I've been thinking a lot about some of my dismays in giving two shits about sports, and I hope to explore those in the next few blog posts.

Part 2: Is being good at sports an "inspirational story"?
Part 3: Can other sports fill the void? Part 3
Part 4: Sept. 15 is MY lockout, but what am I waiting for?


Tuesday, August 21, 2012

The popular, yet little-known chapter of Paul Ryan's life


Before pulling himself up by his bootstraps, Paul Ryan was a blond slacker in high school, named William S. Preston, or "Bill" for short. He was facing a failing grade on his history assignment, while struggling to make it in a band, the Wyld Stallyns (which sounded an awful lot like KISS back in 1991).

At the risk of failing their history class, the future of humanity was threatened by Ryan's best buddy Ted's father, who was fully willing to ship Ted to military camp and cease their efforts to forging the music that would unite the world in harmony.

George Carlin intervened, helping them travel through time to recruit historical figures and find out what they think of San Dimas, California, while practicing homophobic slurs in medieval times.

Be excellent to each other. (Then busts out his "air guitar" finger licks)

Carlin was successful, and prevented any deviation from the timeline that allowed the Wyld Stallyns to
become the single-most influential music in the history of mankind.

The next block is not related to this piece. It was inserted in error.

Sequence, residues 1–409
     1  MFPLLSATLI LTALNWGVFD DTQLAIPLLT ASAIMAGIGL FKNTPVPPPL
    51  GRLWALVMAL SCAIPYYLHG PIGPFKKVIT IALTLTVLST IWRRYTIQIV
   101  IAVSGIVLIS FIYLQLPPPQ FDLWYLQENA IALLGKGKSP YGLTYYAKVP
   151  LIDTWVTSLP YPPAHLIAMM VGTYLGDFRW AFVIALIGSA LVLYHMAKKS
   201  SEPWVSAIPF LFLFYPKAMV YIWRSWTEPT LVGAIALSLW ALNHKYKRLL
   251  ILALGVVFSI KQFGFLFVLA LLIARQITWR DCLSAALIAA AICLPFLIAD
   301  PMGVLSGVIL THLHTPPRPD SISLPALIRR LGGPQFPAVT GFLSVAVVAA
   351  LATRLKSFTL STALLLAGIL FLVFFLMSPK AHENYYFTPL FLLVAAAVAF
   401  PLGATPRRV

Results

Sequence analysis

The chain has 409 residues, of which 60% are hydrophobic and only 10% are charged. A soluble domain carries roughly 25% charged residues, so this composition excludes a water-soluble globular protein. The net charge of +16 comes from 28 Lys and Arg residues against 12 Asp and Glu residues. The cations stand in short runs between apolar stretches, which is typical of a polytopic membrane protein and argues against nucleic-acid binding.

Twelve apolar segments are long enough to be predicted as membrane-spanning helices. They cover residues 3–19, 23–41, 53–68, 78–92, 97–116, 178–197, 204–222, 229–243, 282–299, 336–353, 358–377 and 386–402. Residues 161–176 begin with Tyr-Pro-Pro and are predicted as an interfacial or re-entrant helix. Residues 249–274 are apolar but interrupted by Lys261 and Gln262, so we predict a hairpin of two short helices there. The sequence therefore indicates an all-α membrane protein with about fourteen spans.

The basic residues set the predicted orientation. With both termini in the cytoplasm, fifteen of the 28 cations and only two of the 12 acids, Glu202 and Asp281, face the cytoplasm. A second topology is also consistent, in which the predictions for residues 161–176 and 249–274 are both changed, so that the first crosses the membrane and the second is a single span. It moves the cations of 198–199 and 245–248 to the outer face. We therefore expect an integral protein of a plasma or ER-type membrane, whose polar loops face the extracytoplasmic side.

"Bill" a.k.a. Ryan Paul, named his guitar "Les Paul."
However, somewhere along the way, the timeline was diverted after all, and "Bill" became "Paul," and the world never got to listen to the Wyld Stallyns.

How did this happen?
Without a functioning, time-travelling phone booth, it's hard to pinpoint exactly when the Wyld Stallyns went off course - but today, instead of heavy metal bringing us world peace, we have Justin Bieber offering Prince William a reliable hair restoration solutions.

Regrettably, Carlin passed away in 2008, likely preventing him from returning for a third time, to carry the world into his preferred utopia.
Cheer up, there are other ways to influence the world than heavy metal.

Sunday, August 5, 2012

Long weekend garden

Did some garden renovations this long weekend, and it's made the front of the yard look a bit better.

I'm looking forward to having a herb garden at hand, and some scotch bonnets, which will be great!

Saturday, August 4, 2012

Port Perry walk this morning

Out for a quick walk to calm Sullivan down this morning - great sunrise.


 Moon was still out, too.

Port Perry became Hemlock Grove

This is about a month old, but I have a bunch of neat pics from when the Hemlock Grove crew came to town and transformed Port Perry's Queen St.


Stars of the show 
While Famke Janssen and Lili Taylor weren't around (as far as I could see), we spotted a few of the stars, including Bill Skarsgard.


And we were always happy to watch Terra Nova while it was on. Instead of being busy filming any new episodes of that, Landon Liboiron was filming for Hemlock Grove.


I'm not really sure who this is. I'm only guess it could be "Penelope Mitchell";

Downtown was transformed, and the familiar locations were refaced, including our local CIBC;


 The Home Hardware was transformed into Easter Valley hardware.

The Hardware Feed is really Port Perry's Car Quest Auto Parts;


 Downtown's Post Office of course had to be fixed to look like a US Post Office;


 The ReMax office was turned into a simple realtor.


Palmer Park was fixed up to fit the town's new nom de plume.

  The buildings were fixed up, too. This was really well done - looked genuine.




Local celebrities 
A local celebrity survived the casting couch and will be in the show, as far as we can tell. The White Feather Farms and Country Store's chicken truck took a trip down main street during filming. 

Production crew
Here are a few random shots of the set and production crew.

 




Sullivan on set - his first taste of show biz.